I think walking is so powerful for me because heading out for a walk now taps into those earlier memories and I feel alive again.

Setting Goals Makes a Difference
Setting a goal of walking every day kept me on track. I had a goal to shoot for.  Prior to setting a goal of walking for 100 consecutive days, I walked a lot and nearly every day.  But I did so when I “felt” I had time and energy, not because it was a scheduled part of my day.

There were times over the last 100 days when I would be exhausted at the end of the day but knew that I still had to get my walk in.  Having the goal of walking every day, and being committed to my goal, took away the easy excuses I could always find if I was tired, busy or just wanted to go out for the evening.

If you’re starting a walking program, I would highly recommend that you set some short term and long term goals and then commit to them.  You can modify your goals as you go along, but having firm goals will help you achieve your objectives.  Goals give you something to work for, something to achieve.

The More You Walk the Easier it Gets
I know that seems like common sense but I add this to tell you that you can do more than you think.  If you’re walking one mile a day now, I encourage you to let yourself go for longer periods.  Go for two miles or five or ten.  You don’t have to walk fast but challenge yourself to do longer walks on some days.  Often it’s not our bodies that stop us from walking longer but our minds.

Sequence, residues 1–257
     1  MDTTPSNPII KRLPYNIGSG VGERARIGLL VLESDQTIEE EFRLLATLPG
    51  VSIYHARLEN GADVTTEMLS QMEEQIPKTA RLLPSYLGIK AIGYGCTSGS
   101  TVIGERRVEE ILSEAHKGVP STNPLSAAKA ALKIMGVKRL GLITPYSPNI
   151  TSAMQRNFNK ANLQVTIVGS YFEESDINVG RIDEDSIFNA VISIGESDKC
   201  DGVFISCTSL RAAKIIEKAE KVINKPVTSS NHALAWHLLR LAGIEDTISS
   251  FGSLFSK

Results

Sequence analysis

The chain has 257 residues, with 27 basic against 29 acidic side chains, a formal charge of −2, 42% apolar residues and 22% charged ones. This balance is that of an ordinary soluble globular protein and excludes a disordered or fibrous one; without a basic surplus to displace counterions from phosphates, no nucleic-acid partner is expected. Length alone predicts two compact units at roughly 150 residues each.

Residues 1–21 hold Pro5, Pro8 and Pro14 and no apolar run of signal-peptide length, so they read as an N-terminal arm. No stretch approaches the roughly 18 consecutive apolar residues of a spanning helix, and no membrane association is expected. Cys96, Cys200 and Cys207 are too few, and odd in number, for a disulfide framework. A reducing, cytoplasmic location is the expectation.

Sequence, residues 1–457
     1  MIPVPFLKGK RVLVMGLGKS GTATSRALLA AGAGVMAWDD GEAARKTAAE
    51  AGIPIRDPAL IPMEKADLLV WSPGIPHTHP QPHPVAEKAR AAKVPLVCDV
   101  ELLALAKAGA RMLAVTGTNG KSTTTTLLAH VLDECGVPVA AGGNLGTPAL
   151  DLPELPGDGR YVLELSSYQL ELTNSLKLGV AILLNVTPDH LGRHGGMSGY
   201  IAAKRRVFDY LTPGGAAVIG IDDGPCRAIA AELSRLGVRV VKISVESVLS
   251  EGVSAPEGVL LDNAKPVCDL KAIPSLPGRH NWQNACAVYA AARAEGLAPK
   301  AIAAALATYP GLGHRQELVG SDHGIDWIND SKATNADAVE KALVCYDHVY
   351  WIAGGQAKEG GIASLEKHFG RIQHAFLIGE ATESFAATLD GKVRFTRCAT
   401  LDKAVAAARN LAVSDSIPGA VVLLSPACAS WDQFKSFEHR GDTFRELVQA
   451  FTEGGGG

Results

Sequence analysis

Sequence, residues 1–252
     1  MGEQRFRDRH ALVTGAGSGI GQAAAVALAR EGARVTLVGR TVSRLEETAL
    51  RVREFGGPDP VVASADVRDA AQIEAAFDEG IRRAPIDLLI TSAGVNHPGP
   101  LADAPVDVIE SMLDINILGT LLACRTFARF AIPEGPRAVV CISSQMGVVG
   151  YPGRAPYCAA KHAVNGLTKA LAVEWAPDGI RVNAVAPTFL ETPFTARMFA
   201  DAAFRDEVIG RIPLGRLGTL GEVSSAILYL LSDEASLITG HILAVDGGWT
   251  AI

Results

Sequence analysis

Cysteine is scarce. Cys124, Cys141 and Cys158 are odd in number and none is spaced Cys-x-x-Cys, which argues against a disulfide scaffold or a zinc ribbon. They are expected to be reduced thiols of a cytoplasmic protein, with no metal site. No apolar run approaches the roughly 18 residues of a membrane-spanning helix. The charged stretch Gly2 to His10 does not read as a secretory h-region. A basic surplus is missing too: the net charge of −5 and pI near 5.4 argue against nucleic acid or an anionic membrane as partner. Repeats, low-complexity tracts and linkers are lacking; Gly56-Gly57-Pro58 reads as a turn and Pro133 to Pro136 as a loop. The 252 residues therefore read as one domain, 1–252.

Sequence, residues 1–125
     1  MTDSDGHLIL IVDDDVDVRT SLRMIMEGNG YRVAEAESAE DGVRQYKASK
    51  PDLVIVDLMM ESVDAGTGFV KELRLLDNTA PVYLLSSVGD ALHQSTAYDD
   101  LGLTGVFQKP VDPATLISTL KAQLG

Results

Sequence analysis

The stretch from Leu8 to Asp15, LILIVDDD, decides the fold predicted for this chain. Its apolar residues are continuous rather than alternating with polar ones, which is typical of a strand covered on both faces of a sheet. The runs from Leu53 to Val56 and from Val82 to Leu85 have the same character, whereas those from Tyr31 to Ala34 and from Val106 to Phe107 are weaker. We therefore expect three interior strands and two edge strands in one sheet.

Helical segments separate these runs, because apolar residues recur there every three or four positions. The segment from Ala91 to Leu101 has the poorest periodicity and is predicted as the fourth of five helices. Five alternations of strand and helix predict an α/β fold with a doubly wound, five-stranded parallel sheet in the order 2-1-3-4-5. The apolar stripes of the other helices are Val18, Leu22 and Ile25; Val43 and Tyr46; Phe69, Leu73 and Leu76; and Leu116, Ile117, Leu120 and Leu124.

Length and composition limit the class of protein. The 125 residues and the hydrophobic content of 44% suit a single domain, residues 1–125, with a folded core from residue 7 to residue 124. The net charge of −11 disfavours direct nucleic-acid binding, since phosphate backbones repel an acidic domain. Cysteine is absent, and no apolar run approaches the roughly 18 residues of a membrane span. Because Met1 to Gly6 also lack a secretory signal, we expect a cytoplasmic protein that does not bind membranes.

I need, and want, to walk more and take more walking trips.
My soul yearns to be outside.  To wander this planet.  Maybe I’ve never really adjusted to the fast pace of the modern world or maybe I’ve never really adjusted to living in an urban environment.  Whatever the reason, I know I do best and feel the best when I’m out walking in the great outdoors.  When I’m out and roaming, I feel alive, happy.   There are times when I’m out walking that I just start to smile and times when I want to sing with joy.  And I feel joyful just because I’m moving and feeling the wind or rain or sun or snow on my skin and touching the essence of life that is everywhere around me.  Walking is truly good for the soul.

What’s Next?

Well, after walking for 100 days I’m anxious to do even more walking.  At Walking The World our 2012 trip schedule is now up, www.walkingtheworld.com, so I’ll be heading out on some walking trips in Tuscany, Costa Rica, Utah, Provence, Sicily and Switzerland to name a few.  I invite you to join us!

Also, during the past 100 days, a number of people have asked how they could do their own walking challenge.  So I’m in the process of putting together a 100-day walking challenge I’ll be inviting you to join in the not too distant future.

Thank you as always for your comments during the past few months.  Lace up those shoes and head out for a walk and let me know if you have questions I can help with.


Ward Luthi